An announcement was made on 10th June, of plans to reconstruct Brasovo, the former manor house of Grand Duke Mikhail Alexandrovich, situated in Lokot, Bryansk Oblast region of the Russian Federation.
The dream of reconstructing the grand ducal residence was expressed by Metropolitan Alexander, who was present at the celebration marking Russia Day (12th June). Local philanthropist Oleg Panin said that this idea is currently being discussed with local authorities. The Bryansk regional branch of the Russian Geographical Society is currently analyzing historic documents, which will help reconstruct the manor house. The Society has approached the State Archives of the Russian Federation, the Russian State Archive of Ancient Acts and the Russian State Historical Archive for their assistance in recreating the manor house to its historic original, and providing an opportunity to study the documents of the Ministry of the Imperial Court of this period.
The wooden palace in which Grand Duke Mikhail Alexandrovich lived, was immediately plundered after the 1917 Revolution. The building was subsequently destroyed by fire after the Nazis retreated during the Great Patriotic War (1941-45). Several buildings on the estate have been preserved to this day, including the tea house among others.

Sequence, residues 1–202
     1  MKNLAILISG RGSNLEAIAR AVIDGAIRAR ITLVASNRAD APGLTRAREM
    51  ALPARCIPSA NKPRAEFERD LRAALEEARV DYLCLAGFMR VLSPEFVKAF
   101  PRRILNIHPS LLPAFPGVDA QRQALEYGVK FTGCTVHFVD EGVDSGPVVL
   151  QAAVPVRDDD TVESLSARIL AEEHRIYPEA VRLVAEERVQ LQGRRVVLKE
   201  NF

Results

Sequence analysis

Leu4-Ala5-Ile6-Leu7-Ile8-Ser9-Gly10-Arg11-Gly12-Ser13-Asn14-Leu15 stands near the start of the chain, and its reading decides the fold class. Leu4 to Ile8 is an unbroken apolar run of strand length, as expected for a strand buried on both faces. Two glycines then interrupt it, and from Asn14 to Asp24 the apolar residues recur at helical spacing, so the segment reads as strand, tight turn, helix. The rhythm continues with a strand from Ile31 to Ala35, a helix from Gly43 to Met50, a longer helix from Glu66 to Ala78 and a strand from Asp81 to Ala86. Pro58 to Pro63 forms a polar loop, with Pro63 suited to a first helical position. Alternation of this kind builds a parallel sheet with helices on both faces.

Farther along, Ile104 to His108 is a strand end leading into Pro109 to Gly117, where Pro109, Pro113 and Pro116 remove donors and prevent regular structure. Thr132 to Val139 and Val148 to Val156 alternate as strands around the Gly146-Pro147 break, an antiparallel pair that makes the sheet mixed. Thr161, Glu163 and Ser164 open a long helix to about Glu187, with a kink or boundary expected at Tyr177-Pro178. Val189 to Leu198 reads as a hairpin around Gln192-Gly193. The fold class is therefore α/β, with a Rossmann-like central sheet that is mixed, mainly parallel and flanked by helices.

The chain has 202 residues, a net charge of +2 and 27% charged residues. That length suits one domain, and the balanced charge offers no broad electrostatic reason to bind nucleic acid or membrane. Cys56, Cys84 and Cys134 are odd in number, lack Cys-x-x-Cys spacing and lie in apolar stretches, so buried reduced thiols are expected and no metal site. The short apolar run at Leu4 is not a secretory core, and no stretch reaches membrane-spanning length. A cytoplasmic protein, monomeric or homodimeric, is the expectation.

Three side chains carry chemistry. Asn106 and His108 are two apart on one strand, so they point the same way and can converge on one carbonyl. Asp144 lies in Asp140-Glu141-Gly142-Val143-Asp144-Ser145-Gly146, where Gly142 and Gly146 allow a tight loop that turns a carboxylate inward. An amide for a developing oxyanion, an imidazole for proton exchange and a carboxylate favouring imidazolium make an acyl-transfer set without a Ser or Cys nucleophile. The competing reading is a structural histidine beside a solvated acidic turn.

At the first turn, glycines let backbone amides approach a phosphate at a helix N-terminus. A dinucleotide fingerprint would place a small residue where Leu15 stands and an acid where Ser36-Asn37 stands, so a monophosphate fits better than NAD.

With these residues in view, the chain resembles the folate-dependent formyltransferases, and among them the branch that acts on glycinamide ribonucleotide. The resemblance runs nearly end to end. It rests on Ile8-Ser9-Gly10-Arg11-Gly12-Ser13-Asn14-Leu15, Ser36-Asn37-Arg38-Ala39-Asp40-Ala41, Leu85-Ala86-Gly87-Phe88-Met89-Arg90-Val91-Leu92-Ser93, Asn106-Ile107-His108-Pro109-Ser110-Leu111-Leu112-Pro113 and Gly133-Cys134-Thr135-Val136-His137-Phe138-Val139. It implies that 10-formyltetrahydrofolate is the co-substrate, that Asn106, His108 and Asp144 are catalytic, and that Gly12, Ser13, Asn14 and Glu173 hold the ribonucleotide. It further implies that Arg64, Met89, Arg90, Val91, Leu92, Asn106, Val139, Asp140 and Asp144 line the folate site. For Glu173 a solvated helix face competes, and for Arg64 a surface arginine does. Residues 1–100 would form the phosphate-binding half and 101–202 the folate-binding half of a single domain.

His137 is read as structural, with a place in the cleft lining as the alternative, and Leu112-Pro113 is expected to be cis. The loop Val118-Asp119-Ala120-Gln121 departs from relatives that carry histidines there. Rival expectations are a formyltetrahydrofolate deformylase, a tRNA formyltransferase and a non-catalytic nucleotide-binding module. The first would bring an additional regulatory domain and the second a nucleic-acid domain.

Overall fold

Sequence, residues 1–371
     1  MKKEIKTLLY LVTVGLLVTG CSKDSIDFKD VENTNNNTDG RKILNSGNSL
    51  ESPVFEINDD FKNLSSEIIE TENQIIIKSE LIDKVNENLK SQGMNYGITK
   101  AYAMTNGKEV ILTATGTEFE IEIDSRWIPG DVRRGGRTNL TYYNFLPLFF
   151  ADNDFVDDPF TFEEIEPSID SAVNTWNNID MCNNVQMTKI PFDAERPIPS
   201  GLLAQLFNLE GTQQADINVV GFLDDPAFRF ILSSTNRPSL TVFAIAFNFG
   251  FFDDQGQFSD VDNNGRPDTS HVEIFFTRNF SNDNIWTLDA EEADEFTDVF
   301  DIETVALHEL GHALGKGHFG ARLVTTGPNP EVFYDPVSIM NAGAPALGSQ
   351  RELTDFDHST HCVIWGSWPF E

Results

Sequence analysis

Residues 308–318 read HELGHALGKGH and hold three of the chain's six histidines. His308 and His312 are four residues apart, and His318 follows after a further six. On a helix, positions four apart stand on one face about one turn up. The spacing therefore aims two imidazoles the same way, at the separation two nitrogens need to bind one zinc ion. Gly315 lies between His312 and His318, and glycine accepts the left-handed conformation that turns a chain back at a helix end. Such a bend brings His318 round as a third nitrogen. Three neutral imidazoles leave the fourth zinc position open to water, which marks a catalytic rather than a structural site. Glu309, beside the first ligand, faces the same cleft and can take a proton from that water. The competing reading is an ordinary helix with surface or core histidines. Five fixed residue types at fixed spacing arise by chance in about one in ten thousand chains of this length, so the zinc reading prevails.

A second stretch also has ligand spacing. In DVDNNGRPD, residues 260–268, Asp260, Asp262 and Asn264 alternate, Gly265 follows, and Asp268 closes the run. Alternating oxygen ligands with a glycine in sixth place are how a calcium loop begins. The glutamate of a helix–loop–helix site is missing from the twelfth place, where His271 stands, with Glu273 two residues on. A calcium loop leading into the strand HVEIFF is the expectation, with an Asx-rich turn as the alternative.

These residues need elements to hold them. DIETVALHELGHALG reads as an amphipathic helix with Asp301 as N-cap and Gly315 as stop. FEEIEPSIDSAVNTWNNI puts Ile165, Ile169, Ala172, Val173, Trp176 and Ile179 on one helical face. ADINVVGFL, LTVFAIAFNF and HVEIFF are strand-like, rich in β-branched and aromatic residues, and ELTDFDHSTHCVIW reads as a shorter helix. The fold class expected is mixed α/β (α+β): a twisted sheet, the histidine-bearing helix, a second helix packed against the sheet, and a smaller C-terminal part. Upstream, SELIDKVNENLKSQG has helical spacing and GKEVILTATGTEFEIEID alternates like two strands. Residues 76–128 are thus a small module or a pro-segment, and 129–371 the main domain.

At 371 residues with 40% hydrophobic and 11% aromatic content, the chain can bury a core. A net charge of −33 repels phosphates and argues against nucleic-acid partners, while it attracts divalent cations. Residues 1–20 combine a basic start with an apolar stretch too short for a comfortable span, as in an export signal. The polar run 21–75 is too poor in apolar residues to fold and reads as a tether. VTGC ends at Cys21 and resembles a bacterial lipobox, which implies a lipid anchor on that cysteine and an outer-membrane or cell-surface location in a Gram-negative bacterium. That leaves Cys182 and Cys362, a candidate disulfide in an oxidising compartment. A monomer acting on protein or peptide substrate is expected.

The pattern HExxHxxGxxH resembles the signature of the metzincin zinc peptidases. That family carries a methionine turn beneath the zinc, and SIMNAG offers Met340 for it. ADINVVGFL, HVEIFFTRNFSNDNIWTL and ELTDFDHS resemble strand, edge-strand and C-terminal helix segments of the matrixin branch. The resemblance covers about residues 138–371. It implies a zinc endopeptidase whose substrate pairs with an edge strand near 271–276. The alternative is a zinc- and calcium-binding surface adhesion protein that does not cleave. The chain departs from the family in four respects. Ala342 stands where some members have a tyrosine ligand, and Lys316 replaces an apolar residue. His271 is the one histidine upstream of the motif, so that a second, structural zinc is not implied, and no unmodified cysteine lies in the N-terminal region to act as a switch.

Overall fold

High quality photographs of the manor house have been preserved to this day. These will help architects and restorers in their work of reconstructing the building. As the director of the museum of local lore Semyon Bobkov told Bryansk News, that several elements of the manor house have survived, including the old cellars, and a large fountain.
Situated seventy miles from Orel, the estate of Brasovo had originally belonged to Grand Duke George Alexandrovich (1871-1899), son of the Emperor Alexander III. He had purchased it in 1882 for 4.3 million roubles. The estate covered an area of 430 square miles. The estate passed to his brother Grand Duke Mikhail Alexandrovich (1878-1918) upon George’s death in 1899. Mikhail made a number of improvements to the estate, which included a water pipeline, a large park with ponds and alleys, several multi-storey stone buildings, as well as food and woodworking industries.
It was here that Mikhail came to live with his wife, Countess Natalya Brasova, née Natalia Sergeyevna Sheremetyevskaya (1880-1952) in 1911, after Emperor Nicholas II conceded that she could stay there. Thanks to her artistic taste, she succeeded in making an elegant dwelling as well as a comfortable home, thereby creating for Mikhail a place where he found comfort, peace and happiness.
The comforts of this country house are emphasized in these beautiful watercolours by Stanislav Yulianovich Zhukovsky (1873-1944) in 1916:
© Paul Gilbert @ Royal Russia. 13 June 2018